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Graphite is one of the allotropes of carbon. Unlike diamond, graphite is a conductor, and can be used, for instance, as the material in the electrodes of an electrical arc lamp.

The pi orbital electrons delocalized across the hexagonal atomic sheets of carbon contribute the graphite's conductivity. In an oriented piece of graphite, conductivity parallel to these sheets is greater than that perpendicular to these sheets.

The loose coupling among the sheets in graphite contributes to another industrially important property -- graphite powder is used as a dry lubricant. Graphite is also used in pencils.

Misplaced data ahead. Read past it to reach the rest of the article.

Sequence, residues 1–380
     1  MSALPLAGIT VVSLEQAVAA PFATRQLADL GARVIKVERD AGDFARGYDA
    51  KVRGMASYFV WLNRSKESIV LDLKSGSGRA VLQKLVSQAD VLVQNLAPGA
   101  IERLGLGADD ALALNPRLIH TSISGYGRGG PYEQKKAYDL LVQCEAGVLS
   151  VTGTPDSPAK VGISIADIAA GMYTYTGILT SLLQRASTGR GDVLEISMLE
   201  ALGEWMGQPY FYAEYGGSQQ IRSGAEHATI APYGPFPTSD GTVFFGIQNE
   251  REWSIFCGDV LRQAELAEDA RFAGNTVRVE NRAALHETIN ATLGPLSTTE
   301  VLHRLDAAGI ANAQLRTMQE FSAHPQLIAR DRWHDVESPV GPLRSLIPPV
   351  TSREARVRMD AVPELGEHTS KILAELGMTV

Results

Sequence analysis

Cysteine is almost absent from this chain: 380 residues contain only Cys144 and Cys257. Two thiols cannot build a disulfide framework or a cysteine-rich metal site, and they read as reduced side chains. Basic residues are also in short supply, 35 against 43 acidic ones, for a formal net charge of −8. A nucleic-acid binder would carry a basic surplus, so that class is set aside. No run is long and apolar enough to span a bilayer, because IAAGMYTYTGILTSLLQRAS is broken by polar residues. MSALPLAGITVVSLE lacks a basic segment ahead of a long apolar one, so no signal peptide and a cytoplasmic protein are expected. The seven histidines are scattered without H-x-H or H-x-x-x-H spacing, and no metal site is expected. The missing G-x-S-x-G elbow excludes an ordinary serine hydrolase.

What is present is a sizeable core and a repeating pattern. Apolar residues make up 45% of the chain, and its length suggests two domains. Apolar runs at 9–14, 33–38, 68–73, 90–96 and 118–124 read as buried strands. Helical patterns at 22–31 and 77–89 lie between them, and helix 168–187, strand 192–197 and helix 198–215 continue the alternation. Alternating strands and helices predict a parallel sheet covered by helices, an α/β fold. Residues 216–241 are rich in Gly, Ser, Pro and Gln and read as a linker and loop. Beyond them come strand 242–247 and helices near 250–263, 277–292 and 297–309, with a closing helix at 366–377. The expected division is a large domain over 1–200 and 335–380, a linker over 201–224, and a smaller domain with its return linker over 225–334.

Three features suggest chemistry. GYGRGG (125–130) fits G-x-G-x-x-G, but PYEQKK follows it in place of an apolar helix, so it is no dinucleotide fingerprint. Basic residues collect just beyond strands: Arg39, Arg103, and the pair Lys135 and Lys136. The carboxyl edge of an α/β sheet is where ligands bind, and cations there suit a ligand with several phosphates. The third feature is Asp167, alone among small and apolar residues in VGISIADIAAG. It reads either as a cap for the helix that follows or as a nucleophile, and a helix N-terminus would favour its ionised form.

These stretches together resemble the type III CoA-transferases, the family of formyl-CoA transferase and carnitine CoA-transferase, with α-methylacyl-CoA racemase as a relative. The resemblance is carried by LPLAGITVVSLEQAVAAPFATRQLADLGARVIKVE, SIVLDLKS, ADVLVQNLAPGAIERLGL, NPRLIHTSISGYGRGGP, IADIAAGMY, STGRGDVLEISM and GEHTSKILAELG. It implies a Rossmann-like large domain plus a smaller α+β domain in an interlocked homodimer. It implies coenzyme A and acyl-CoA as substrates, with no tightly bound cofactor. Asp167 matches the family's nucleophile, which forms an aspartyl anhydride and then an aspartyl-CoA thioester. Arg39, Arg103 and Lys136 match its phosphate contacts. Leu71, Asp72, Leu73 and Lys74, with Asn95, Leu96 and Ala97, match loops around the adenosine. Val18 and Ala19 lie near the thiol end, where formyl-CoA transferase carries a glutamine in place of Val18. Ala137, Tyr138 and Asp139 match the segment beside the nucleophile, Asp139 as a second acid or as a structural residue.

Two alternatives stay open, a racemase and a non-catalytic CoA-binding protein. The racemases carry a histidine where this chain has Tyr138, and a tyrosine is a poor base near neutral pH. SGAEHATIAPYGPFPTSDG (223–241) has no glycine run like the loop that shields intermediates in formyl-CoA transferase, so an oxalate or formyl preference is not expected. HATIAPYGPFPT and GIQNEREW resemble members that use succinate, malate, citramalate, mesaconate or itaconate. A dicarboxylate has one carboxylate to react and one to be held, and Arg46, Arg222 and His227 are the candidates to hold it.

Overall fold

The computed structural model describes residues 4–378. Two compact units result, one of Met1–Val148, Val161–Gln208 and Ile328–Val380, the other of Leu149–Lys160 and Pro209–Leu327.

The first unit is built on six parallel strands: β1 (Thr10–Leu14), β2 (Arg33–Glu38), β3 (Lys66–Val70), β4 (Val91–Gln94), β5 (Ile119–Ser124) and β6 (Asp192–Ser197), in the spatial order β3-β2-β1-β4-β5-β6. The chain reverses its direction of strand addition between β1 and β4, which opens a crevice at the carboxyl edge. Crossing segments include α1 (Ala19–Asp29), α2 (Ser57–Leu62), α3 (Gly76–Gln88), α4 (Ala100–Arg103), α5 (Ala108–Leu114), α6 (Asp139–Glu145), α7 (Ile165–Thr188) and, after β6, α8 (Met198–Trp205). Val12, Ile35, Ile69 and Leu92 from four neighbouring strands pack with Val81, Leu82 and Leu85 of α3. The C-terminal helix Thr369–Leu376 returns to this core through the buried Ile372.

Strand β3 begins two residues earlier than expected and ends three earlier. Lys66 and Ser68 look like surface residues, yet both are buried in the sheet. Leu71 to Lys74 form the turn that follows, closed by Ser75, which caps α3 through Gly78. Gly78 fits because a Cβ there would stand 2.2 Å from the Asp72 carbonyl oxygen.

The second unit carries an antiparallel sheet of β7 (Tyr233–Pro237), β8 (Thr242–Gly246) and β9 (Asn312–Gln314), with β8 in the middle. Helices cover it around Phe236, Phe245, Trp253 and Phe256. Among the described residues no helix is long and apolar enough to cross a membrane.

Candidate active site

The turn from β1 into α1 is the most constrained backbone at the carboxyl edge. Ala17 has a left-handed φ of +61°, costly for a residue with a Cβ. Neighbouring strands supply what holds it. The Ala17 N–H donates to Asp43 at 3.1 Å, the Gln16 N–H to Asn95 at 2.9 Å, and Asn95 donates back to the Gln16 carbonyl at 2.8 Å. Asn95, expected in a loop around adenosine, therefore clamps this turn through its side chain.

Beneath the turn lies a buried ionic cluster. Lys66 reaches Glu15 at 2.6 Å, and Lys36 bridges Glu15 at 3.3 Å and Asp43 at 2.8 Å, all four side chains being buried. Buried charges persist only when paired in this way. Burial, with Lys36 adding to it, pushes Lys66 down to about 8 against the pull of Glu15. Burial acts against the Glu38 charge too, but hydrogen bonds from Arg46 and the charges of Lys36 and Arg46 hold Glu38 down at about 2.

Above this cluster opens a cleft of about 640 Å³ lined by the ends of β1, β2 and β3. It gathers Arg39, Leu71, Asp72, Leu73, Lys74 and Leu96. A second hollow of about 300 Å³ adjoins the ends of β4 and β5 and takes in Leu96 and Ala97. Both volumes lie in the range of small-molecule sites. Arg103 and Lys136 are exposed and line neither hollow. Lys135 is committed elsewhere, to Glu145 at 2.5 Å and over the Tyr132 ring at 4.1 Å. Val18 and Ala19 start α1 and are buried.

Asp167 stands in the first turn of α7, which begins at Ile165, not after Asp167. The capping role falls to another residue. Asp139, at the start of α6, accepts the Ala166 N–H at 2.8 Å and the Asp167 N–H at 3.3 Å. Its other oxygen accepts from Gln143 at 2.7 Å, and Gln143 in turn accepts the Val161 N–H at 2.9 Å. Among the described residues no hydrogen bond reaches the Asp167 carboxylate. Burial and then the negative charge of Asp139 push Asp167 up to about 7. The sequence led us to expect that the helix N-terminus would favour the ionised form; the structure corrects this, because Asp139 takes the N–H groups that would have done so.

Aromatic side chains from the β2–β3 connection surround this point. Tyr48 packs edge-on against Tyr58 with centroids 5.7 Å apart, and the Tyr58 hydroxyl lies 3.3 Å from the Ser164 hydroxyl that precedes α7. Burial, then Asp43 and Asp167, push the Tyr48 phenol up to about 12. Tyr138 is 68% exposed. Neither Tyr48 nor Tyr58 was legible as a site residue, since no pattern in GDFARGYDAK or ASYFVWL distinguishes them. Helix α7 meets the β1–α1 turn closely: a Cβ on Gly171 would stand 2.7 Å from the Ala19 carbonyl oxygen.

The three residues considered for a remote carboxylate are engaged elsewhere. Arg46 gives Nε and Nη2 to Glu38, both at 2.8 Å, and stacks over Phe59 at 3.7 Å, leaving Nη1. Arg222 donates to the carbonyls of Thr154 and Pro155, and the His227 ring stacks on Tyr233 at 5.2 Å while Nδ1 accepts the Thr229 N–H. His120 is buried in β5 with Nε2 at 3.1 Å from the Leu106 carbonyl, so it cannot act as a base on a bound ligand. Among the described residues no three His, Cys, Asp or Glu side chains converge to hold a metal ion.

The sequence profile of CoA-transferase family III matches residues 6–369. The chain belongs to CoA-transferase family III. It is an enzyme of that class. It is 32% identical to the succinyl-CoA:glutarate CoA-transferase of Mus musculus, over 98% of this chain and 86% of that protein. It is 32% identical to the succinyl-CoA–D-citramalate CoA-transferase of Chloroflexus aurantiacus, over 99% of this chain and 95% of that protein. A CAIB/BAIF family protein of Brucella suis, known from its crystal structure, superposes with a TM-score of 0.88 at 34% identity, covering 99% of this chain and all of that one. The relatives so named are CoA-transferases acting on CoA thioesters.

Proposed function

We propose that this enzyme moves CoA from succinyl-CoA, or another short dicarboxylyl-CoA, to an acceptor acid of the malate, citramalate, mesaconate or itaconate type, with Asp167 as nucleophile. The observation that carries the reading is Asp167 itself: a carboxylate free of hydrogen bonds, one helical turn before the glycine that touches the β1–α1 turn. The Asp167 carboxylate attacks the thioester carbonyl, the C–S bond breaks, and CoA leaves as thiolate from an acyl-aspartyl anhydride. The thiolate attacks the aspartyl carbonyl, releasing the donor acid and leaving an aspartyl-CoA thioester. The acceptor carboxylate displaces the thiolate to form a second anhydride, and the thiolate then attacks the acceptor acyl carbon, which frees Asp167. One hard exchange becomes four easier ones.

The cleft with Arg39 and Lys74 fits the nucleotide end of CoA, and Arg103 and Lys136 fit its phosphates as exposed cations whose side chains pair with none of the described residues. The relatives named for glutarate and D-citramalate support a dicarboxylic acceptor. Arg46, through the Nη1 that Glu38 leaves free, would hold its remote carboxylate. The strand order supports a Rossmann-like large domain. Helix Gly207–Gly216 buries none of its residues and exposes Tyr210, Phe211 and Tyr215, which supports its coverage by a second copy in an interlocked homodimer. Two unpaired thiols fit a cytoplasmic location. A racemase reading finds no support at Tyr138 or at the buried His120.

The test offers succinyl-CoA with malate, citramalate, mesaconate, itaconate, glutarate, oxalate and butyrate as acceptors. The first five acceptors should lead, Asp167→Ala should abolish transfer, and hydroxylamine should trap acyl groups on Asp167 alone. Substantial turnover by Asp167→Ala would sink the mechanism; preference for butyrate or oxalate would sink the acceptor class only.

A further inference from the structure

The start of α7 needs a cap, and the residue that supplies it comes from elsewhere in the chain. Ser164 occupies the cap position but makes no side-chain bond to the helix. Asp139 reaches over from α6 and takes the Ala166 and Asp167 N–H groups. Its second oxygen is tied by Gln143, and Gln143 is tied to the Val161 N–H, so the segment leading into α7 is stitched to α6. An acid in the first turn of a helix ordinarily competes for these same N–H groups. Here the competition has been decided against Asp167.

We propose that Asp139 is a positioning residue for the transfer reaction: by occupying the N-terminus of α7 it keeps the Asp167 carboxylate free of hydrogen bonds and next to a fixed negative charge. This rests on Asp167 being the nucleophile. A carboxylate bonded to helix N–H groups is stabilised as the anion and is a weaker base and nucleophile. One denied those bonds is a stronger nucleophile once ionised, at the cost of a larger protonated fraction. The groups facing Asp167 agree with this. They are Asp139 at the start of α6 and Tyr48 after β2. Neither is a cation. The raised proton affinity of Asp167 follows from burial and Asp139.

Physical characteristics

Associated minerals include quartz, calcite, micas, iron meteorites and tourmalines.

Other characteristics: thin flakes are flexible but inelastic, mineral can leave black marks on hands and paper, conducts electricity.

Notable occurrences include New York and Texas, USA; Russia; Mexico; Greenland and India.

Best field indicators are softness, luster, density and streak.

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